That’s the understatement of the year. If you take a (neutral) town, for example, you raise a garrison. And they are no cannon fodder at all. No idea why you have such a low opinion of ghouls and why you talk about LOWER tiers. Keep in mind that Shadowstep works like Phase/Sprint: you unengage, step into the back of the unit that just attacked, land a flanking hit – and there it’s ghouled. And there are lots of effects and ways to reduce their defense and resistance.
    It also doesn’t “cost” except upkeep – but saves units production gold/mana.

    Higher tier units tend to have decent resistance to ghoul curse. You argue as if ghouling was always 100%, which it isn’t. Sure you can up your chances, but when you do that, a Charm will do a better job in the battle. And you can’t simply just debuff enemies as you want against any meaningful opposition.

    And we talked before how ghouls get weaknesses, weaknesses that add up. T1 and T2 unembalmed ghouls, without Necro empire upgrades simply aren’t good units. They work, and they are functional, but you still pay the same upkeep you would pay for their better living versions. They don’t cost production, but that’s why they are useful, not good.
    And ghouling higher tier units takes a bit more effort or luck which makes them less of a guarantee.
    I mean what are you fighting? You port in the back of a strong melee unit (that assumedly walked up to engage the DB) and then your DB is safe and out of harms way? Does it immediately die? Does it have no allies that could attack your DB?
    And frankly, upkeep is quite a cost. The DB takes a goldmine on its own to keep around, all the ghouls it makes will impact your economy. And you can only get what is around, no prodcung counters or adapting strategies.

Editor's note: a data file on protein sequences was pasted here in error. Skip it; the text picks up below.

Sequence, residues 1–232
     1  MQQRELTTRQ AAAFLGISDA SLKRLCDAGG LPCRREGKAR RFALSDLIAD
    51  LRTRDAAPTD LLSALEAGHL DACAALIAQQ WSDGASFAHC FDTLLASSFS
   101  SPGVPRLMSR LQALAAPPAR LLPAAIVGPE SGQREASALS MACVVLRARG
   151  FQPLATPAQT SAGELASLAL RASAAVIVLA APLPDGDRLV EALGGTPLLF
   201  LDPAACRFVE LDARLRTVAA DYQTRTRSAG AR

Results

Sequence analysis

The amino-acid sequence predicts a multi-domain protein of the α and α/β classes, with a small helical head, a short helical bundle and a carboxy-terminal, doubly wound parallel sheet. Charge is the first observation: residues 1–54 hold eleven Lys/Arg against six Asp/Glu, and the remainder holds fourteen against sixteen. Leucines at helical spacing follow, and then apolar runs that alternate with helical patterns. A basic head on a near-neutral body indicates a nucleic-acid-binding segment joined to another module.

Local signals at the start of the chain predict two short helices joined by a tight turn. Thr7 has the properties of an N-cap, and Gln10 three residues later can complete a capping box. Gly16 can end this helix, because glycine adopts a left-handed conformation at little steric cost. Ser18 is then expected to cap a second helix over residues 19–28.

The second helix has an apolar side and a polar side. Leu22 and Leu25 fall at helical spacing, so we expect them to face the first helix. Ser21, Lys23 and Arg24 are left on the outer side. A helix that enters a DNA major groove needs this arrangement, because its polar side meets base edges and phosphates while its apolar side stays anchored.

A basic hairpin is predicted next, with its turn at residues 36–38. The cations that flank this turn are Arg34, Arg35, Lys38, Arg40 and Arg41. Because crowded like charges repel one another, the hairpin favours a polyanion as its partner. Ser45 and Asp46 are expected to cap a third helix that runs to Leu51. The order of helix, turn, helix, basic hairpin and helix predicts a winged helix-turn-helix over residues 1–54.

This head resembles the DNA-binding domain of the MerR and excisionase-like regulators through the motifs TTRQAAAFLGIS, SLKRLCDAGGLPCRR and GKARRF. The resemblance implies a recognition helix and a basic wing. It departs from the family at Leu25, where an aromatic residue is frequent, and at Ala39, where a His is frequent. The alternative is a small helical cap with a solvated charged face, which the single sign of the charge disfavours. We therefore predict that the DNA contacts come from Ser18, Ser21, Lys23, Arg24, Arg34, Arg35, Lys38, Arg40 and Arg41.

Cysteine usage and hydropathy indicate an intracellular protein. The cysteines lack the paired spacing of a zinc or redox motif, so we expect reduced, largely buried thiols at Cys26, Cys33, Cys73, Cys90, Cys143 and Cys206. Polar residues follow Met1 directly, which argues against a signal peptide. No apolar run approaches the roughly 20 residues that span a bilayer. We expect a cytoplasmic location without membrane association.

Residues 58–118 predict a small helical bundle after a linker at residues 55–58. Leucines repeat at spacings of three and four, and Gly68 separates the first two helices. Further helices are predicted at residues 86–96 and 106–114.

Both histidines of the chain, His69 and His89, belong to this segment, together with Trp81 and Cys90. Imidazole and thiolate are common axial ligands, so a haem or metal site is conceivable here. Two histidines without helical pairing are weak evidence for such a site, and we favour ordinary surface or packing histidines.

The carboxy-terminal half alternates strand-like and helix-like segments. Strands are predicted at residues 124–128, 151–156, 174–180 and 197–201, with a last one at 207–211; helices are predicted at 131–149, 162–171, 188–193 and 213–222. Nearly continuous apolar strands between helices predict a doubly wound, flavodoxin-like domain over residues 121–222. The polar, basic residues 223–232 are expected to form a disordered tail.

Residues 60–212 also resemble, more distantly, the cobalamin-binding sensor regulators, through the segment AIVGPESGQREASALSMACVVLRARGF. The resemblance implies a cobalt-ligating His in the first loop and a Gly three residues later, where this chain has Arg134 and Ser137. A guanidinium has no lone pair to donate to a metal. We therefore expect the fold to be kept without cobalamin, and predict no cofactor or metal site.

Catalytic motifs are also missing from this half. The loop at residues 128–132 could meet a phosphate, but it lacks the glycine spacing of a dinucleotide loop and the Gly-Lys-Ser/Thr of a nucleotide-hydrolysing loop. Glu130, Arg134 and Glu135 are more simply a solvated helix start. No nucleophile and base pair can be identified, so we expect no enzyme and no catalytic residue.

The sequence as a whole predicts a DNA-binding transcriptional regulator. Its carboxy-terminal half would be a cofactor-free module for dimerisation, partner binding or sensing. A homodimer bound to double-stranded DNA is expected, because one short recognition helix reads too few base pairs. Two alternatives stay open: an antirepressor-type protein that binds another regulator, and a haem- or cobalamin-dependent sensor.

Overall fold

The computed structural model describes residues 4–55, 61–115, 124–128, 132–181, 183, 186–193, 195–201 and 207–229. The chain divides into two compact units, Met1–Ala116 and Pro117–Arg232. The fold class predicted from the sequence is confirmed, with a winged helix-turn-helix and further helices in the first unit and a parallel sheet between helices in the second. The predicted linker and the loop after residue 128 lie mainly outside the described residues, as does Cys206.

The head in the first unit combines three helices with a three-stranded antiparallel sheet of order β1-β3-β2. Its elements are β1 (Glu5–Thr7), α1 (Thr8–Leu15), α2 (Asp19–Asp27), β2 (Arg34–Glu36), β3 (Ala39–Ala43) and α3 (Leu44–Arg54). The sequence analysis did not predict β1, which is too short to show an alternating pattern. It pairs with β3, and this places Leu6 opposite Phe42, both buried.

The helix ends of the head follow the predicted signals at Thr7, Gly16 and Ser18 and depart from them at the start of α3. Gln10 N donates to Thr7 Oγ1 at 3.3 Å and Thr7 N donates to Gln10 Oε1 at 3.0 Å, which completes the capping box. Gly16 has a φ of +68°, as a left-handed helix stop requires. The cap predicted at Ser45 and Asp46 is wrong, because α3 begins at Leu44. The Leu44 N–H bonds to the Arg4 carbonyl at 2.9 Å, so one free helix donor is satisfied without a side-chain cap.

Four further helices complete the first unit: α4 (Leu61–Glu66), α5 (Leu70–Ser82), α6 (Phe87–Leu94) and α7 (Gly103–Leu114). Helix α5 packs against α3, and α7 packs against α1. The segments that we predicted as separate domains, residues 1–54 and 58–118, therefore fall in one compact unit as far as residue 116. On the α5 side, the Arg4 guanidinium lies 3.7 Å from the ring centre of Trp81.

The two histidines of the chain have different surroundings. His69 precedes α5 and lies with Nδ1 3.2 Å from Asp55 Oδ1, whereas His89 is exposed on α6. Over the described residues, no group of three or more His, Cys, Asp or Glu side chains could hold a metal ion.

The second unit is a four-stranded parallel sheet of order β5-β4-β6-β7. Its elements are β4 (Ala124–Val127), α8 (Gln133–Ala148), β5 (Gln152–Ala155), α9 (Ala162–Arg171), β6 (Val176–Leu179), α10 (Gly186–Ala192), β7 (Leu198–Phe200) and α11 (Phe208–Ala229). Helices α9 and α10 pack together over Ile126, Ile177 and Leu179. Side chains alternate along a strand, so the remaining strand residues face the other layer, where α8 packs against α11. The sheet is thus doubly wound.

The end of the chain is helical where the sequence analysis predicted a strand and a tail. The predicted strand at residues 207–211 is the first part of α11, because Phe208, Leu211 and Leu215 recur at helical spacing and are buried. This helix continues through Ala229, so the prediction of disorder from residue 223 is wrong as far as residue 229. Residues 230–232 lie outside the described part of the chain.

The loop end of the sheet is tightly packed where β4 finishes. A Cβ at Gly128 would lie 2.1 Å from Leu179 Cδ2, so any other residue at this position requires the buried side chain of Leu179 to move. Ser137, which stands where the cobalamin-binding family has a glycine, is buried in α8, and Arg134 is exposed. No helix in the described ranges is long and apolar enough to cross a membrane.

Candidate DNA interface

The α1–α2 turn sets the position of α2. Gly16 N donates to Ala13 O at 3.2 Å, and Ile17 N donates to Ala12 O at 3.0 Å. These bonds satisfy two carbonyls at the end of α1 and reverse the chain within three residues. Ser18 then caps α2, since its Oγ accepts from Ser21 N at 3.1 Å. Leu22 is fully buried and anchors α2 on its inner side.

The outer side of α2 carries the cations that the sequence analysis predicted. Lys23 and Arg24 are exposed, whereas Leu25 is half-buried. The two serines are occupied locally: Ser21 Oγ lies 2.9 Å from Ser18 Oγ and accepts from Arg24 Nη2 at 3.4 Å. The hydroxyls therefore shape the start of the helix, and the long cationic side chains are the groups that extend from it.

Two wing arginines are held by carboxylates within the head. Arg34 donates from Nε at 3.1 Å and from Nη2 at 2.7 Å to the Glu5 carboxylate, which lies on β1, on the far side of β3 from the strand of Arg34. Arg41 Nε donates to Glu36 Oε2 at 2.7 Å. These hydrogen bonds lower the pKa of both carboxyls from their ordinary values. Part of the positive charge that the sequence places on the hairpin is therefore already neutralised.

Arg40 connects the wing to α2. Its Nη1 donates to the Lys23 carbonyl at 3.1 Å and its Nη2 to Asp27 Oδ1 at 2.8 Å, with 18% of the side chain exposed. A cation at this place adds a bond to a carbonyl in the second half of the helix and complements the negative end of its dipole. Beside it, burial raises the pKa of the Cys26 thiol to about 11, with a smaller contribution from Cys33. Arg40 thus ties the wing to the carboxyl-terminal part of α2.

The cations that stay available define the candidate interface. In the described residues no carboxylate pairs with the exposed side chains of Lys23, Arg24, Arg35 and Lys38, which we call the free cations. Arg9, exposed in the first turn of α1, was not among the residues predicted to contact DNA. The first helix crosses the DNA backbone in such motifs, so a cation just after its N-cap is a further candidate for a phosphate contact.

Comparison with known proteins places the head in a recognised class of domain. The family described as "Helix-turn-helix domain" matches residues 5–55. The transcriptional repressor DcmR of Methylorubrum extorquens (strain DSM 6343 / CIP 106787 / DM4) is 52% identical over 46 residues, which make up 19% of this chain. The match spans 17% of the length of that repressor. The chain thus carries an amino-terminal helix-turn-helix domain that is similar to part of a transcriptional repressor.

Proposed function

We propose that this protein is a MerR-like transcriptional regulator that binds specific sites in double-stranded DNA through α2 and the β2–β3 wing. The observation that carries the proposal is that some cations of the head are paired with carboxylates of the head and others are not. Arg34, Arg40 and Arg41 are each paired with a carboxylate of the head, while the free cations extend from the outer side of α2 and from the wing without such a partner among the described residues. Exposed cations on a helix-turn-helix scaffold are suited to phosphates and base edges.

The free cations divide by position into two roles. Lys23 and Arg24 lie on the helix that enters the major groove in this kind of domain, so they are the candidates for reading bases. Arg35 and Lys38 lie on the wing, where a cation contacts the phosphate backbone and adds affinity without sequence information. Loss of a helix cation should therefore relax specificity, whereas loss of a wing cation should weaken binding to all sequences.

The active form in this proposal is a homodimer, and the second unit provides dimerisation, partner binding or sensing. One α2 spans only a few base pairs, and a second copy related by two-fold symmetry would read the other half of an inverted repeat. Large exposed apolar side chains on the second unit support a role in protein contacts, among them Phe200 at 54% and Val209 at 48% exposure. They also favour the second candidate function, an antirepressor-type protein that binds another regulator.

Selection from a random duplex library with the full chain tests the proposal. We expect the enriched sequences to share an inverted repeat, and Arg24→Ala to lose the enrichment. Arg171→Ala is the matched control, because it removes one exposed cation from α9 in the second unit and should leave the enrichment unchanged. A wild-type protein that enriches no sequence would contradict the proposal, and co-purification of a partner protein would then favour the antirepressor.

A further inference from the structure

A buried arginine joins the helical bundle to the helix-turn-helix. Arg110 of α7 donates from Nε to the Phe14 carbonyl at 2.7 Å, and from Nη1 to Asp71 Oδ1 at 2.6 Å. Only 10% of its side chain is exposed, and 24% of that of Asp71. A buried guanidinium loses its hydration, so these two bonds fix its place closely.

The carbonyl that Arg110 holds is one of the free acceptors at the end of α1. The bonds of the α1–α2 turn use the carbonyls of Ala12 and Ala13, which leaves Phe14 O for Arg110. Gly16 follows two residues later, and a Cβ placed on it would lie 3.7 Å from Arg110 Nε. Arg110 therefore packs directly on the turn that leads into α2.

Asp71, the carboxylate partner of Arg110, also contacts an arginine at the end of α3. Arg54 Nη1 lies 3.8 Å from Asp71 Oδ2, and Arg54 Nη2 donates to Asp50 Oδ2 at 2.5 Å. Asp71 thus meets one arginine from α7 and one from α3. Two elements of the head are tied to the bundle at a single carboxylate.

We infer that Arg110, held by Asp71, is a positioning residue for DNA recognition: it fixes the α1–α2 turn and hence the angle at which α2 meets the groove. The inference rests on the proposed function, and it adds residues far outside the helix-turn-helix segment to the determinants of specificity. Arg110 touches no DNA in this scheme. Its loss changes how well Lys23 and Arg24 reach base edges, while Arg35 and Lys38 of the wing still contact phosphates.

WAY too dangerous (see above).

    But a 11 def 60HP unit never is in any danger and a surefire way to success? Strange metric.

    Had you read my initial post (or not forgotten the contents) I actually wrote that too – the difference is, you need a town to produce the stuff. Imagine, the Dread could “whisper” an engineer at a Magma Forge, and because there were sites with machines defending, and Engineers could reassemble destroyed machines (Engineers being an expensive T3)…

    The difference is not that you need to build a couple machines, but the amount by which they are made stronger due to the Dread. By your metrics it is really negligible a price for the reward.
    And Imagine, a counterexample that doesn’t literally do a “imagine if” for every single element of it. It is kinda silly that way.

    No. There is no – or just MINIMAL risk (which would be different if the DB would ghoul you there and then).

    Why do you keep saying that without elaborating why? Running a AD against a couple T2 units is highly dangerous, but running a Necro or DB against T3 is no risk? You make no sense, your classifications of costs and risks are arbitrary and their only point is to non-sequiturially support the argument the make.
    Nothing is dangerous to fight if you have a DB, but every other conversion unit will get murdered and eaten by anything it fights.